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The federal government has funneled more than $2 billion directly into Indian Country broadband - with more yet to come. Between tribal-specific programs and wider eligibility for other federal grants, historic funding has kickstarted new tribal network infrastructure across the country. 

As more Native Americans get online, questions of who controls tribal infrastructure, access, and data come to the forefront. 

The people in the lead, of course, should be Natives themselves, says Dr. Traci Morris (Chickasaw), executive director of the American Indian Policy Institute and research professor at Arizona State University Sandra Day O’Connor School of Law. 

Enter the Center for Tribal Digital Sovereignty, a new initiative to give tribes resources to control their digital footprint. The Center is the result of a partnership between the National Congress of American Indians (NCAI) and the American Indian Policy Institute (AIPI). The goal of the new organization is to help tribes design their own personalized plans for maintaining sovereignty in the digital space, Morris said.

“How do we manage our networks, how do we manage our infrastructure? How do we build that next generation?” Morris told Tribal Business News. “That's part of nation building in a new era.”

Morris spoke with Tribal Business News to talk through what the Center for Tribal Digital Sovereignty hopes to achieve. This interview has been edited for clarity and brevity. 

When we talk about digital sovereignty, what does that mean?

There's a whole ecosystem of things that wrap around what we used to just call broadband. It's way more than broadband now. There’s network sovereignty, which is control over the infrastructure. There’s data sovereignty, which is control over the information that goes out. Tribal digital sovereignty is a phrase with which we think about that.

There’s a lot to consider, with so many tribes getting improved connectivity.

There's $3 billion in the process that's in the process of being invested. When you bring a lot of money into a space, you bring a lot of confusion, too. It’s not just about getting cellular service. It's about tribes being able to control their data and access on their own terms. We want tribes to maintain their own capabilities as they see fit.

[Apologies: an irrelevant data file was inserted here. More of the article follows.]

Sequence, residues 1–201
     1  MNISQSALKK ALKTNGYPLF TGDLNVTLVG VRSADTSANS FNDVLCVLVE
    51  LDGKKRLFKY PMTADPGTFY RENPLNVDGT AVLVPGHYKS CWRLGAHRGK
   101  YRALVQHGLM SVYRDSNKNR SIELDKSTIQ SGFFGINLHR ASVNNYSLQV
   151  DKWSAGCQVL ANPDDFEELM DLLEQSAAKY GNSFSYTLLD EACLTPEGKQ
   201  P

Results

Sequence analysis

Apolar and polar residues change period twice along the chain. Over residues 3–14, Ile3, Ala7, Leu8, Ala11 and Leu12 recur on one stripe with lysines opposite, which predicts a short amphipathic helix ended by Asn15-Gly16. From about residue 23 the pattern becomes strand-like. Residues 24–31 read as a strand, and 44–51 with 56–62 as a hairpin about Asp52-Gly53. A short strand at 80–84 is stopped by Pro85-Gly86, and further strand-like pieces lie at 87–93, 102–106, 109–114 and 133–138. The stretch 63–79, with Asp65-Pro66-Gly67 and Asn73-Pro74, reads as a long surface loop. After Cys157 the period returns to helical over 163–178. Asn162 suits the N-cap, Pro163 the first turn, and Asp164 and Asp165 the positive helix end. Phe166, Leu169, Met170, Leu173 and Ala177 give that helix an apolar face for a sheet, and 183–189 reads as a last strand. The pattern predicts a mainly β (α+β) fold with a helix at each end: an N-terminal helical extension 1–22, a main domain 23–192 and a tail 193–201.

The goal is to help tribes build digital sovereignty plans. What kind of things should tribes be planning for?

A data sovereignty plan might include tribal policy, like rules that all servers reside on tribal lands, and what data can go through them. In that plan, they might also include investing in local training programs for their youth and for folks coming out of college. I think it can be as comprehensive or as piecemeal as a tribe needs. 

What kind of resources is the Center pulling together for tribes to access?

What we want to bring is free open-source access to all the information that is out there. We also want to provide capacity building and scholarship services between our two organizations, and a coalition of experts in this space. 

What kind of services are we talking about?

We have scholarships for those going into tribal digital sovereignty research, and for training people to specialize in tribal digital sovereignty plans. That’s a strong suit of AIPI, and that’s definitely the space we’ll be operating in.

Then there’s the clearinghouse. That’s basically a data repository - bringing together stuff like federal information, state information, funding information, all of that in the same place. It should be an open-access, one stop shop for everything tribes need. 

We also want to do capacity building to just build that next generation of experts in this field. That’s going to be everything from boots on the ground installation training to digital equity training. We’re developing an online master’s in legal studies program with an emphasis on tribal digital sovereignty. 

Speaking of experts, you mentioned a coalition of people working with the Center. What’s the goal there?

That will be bringing organizations together who have a mission of service to tribal nations, or people who have done work with tribes on building this digital footprint, so more people can access that resource. 

Has that access been a barrier previously?

There's not a lot of folks that have expertise - it's not just tribes that have difficulty accessing experts in this space. It's a new space, you know? 

It's funny, because I sit on the governor's council for broadband here in Arizona. They struggle to find experts to even hire in these spaces, as do organizations doing digital equity. It's just a new space, and so it's still developing.

It's hard to find experts in this generally, let alone for tribes, so what we’re going to do is bring the experts we can find together. It will be more tribal centric — not all the folks on the coalition will be tribal per se, but will have worked in tribal communities.

You mentioned this is a new space, a new discussion for a lot of people. What have you told tribes to galvanize them into being concerned about digital sovereignty?

When you tell them “tribal digital sovereignty is this overarching way of talking about data, infrastructure, and access,” they get it. You tell them that, and they realize it's not any different than water, it's not different from education or healthcare. We manage all those spaces in a sovereign way. It's a natural resource in many of the same ways.

About The Author
Chez Oxendine
Staff Writer
Chez Oxendine (Lumbee-Cheraw) is a staff writer for Tribal Business News. Based in Oklahoma, he focuses on broadband, Indigenous entrepreneurs, and federal policy. His journalism has been featured in Native News Online, Fort Gibson Times, Muskogee Phoenix, Baconian Magazine, and Oklahoma Magazine, among others.
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